3:35 AM. Alarm blaring. Disoriented, I pop out of bed, reach for my glasses and ask, “what is that?” “It’s the security alarm” my spouse replies. For a moment, I was relieved because I feared it was the fire alarm. For a split second, fire seemed like a better option than an intruder. After briefly playing out the intruder scenario in my head, the fear returned.
Armed with nothing but our cell phones and bed head, we scurried downstairs. The alarm app indicated that the breached door was in the basement. Desperately needing the deafening alarm to stop, I instructed my wife to shut it off. And then I headed to the basement. Two incredibly dumb decisions in hindsight.
First, turning the alarm off stopped the signal to the police. No one would respond. The alarm company would not call to check on us. Second, we went to the precise location of the danger without a second thought and without any plan at all. While my wife’s bed head can be scary, I doubt it would have saved us.
Fortunately, we found no danger. There was no breach. The basement door sensor was not working properly.
I found it particularly difficult to get back to sleep at 4 AM. I was astonished by our complete and utter failure to respond in a reasonable and logical manner. We didn’t have a plan. I have an incident response plan for my business. I help create them for clients. I understand the importance of being prepared to respond to a cyber incident, but clearly, I did not see the value in having an incident response plan in other contexts.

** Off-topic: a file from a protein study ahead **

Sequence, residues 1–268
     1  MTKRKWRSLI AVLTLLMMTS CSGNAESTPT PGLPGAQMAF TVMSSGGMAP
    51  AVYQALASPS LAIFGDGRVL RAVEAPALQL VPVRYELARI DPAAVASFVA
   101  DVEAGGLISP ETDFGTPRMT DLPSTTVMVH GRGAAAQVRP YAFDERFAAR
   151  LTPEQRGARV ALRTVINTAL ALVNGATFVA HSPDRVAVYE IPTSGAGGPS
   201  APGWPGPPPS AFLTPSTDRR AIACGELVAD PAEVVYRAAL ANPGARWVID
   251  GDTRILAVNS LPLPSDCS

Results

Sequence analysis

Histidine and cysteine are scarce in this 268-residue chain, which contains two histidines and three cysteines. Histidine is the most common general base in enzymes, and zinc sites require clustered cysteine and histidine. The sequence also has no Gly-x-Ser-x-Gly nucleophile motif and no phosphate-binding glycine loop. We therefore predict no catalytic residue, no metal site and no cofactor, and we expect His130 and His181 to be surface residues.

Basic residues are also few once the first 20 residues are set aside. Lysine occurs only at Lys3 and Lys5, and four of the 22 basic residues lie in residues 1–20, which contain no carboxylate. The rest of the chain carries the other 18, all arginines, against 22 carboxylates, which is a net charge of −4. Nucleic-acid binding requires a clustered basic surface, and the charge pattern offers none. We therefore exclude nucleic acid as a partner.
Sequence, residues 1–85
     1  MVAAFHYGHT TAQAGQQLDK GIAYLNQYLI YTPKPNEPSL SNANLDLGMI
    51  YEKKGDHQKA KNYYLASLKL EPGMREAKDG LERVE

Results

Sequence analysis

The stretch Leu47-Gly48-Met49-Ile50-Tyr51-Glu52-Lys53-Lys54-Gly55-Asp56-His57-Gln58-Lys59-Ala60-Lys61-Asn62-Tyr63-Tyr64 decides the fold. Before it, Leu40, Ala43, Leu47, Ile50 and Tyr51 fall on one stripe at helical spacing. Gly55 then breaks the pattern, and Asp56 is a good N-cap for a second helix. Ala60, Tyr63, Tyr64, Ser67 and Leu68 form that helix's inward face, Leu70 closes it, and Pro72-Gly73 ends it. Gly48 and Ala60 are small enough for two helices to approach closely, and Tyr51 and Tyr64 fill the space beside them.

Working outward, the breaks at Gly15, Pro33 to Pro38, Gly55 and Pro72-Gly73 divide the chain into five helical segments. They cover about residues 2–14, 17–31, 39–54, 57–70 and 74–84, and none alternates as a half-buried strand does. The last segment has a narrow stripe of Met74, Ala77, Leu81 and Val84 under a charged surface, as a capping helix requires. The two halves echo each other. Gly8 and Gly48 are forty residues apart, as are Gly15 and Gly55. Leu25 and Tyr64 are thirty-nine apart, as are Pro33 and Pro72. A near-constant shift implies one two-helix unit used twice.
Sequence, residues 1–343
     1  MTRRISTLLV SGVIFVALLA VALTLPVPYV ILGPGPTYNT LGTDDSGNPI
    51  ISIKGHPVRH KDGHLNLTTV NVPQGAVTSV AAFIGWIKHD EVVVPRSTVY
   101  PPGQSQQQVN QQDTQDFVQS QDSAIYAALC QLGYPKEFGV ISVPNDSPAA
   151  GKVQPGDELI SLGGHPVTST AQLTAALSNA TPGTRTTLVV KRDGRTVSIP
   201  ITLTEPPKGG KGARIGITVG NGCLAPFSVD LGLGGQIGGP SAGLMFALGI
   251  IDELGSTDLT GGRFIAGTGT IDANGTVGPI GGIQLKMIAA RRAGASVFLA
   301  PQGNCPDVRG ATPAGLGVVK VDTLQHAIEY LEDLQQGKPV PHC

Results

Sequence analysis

Notably, many businesses have not done any incident response planning at all. In fact, the HIPAA Journal reports that 42% of all healthcare organizations have not developed an incident response plan. Given the vulnerability of the healthcare industry to cyber attacks and the implications of falling victim to ransomware or system failure, that number is way too high. According to the article, there was a 73% increase in healthcare cyberattacks in 2020. I doubt we will see a decrease over the next several years.
While an incident response plan won’t prevent an incident, it will, without question, mitigate the devasting effects of an incident. And it will help avoid bone-headed decision making in the middle of the night.
For the record, we now have a plan in place at home and it does not rely on my wife’s bed head.